Also on the agenda, the Board was given an update on the implementation of recommendations within the comprehensive study of Ohio’s workers comp system, ordered by the 127th General Assembly in House Bill 100. The 900-page study includes 146 recommendations which are being analyzed and implemented. (WCxKit)
 
In FY10, 59 recommendations were addressed with 46 implemented. BWC’s internal team reached 84% of its implementation goal for the fiscal year.
 
“The comprehensive study continues to serve as a valuable tool, providing direction toward the fundamental improvements that were necessary for BWC’s long-term strength,” added Ryan. “Each recommendation we put into action increases the quality of our operations and our service to Ohio businesses and injured workers.” 
 
 Author Rebecca Shafer,  executive vice president, Amaxx Risks Solutions, Inc. has worked successfully for 20 years with many industries to reduce Workers’ Compensation costs, including airlines, healthcare, printing/publishing, pharmaceuticals, retail, hospitality and manufacturing.  Contact: Info@ReduceYourWorkersComp.com  or 860-553-6604.  
WC Calculator:  http://www.LowerWC.com/calculator.php
TD Calculator:  http://www.LowerWC.com/transitional-duty-cost-calculator.php 

Do not use this information without independent verification. All state laws vary. You should consult with your insurance broker or agent about workers' comp issues.
  
©2010 Amaxx Risk Solutions, Inc. All rights reserved under International Copyright Law. If you would like permission to reprint this material, contact
 Info@ReduceYourWorkersComp.com 

Learn the Basics of Workers Comp Medical Bill Repricing Cost Containment

Medical bill repricing is often thought of as a mundane, boring, and difficult area of workers’ compensation claims, and it’s true.  Risk managers need to be very alert when medical bill repricing is discussed as these discussions are very beneficial.

 

Medical bill repricing is one area where the insurer or self-insured is able to control some of the medical cost of the work comp claim.  Medical bill repricing reduces the amount paid to the medical provider without reducing the medical care provided to the employee.

 

Most jurisdictions either have a state mandated workers’ compensation fee schedule or allow the insurers/self-insureds to join provider networks able to negotiate their own fee schedule to obtain provider discounts.  The fee schedules have a maximum amount  or cap that can be a charged for each service provided by the medical provider.  A few of the states with a state fee schedule also allow insurers and self-insureds to join negotiated fee schedule/ provider networks with payments to medical providers lower than the state fee schedule.

 

Medical bill repricing is simply correcting the amount billed by the medical provider to match the amount allowed by the state mandated fee schedule or the provider network fee schedule.

 

The problem with both state mandated fee schedules and network fee schedules is their complexity. The fee schedules become long and complex because of the numerous parts to a human body multiplied by the various medical treatment(s)  each body part can receive.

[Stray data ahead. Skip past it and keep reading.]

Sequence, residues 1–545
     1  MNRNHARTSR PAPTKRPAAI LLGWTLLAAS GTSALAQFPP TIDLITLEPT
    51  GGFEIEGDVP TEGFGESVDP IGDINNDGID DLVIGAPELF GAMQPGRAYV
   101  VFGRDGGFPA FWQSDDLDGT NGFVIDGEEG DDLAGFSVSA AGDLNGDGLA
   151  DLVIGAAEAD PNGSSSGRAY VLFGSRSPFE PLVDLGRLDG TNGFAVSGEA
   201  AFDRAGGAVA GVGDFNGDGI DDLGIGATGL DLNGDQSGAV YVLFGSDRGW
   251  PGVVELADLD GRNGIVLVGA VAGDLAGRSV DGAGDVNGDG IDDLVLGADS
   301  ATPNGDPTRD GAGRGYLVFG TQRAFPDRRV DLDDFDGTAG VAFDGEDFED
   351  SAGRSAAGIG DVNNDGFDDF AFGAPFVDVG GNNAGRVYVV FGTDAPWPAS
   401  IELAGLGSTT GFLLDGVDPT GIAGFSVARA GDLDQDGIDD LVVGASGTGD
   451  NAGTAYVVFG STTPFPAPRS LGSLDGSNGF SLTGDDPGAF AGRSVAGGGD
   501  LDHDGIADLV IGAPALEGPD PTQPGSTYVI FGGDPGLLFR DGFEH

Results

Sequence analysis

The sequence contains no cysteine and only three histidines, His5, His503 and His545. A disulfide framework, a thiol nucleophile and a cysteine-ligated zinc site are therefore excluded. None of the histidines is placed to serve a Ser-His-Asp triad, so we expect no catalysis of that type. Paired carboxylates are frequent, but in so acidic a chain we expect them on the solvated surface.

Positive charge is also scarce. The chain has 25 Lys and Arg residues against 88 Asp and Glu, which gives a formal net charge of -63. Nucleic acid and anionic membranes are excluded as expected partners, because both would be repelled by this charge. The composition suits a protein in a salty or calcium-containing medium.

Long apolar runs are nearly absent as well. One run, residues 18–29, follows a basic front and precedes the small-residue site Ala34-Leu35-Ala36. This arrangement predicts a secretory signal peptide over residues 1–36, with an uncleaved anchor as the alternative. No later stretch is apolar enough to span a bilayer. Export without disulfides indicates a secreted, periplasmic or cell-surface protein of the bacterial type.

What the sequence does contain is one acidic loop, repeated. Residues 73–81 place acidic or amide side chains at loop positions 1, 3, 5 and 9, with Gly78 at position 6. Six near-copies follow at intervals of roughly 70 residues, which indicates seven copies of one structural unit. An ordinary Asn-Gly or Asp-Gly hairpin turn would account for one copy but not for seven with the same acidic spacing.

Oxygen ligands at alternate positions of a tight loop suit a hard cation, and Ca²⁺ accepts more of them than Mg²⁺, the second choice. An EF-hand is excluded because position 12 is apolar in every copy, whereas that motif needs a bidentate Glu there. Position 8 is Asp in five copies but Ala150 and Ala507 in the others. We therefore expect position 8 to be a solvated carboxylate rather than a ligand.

In the “good ole days” before computers, you had an army of medical bill reviewers matching up the medical bill with the work comp claim, comparing each line of the medical provider’s bill to the fee schedule and correcting any deviations above the fee schedule (deviations below the fee schedule were accepted just as they are today).  A revised statement showing the medical provider what was paid for each service was produced and sent with the payment.  The insurer or self-insured could either have its own army of medical bill reviewers or subcontract the medical bill repricing out to a company specializing in this service.

 

Today  with scanners, optical character recognition and electronic data interchange, the manual process has mostly been eliminated, but the results are the same — the medical provider’s bill is corrected to the fee schedule amount.  Even with computers there is the occasional bill which has to be reviewed by a human being because it does not fit anywhere on the fee schedule.

 

Medical providers who treat work comp claimants on a regular basis either (a), have the fee schedule built into their computerized billing, or (b),  [the much larger group] ignore the fee schedules and bill their regular office charge for every service knowing the medical bill repricing will correct each line of their bill.  The medical providers also know on occasion their  bill will inadvertently be paid their regular office charge by the adjuster trainee or their bill will go to a self-insured who has not joined one of the networks.

 

Negotiated provider networks reprice the bills for the insurers and self-insureds, saving the insurers and self-insureds on the cost of the medical care.  In return, either the networks are paid a percentage of the reduction in the amount billed, or they are paid a set amount per line item they reduce.  Unfortunately, it is hard to know which method provides the greater savings.  Ask your networks if they will show you comparisons of what your service fees would be using each method.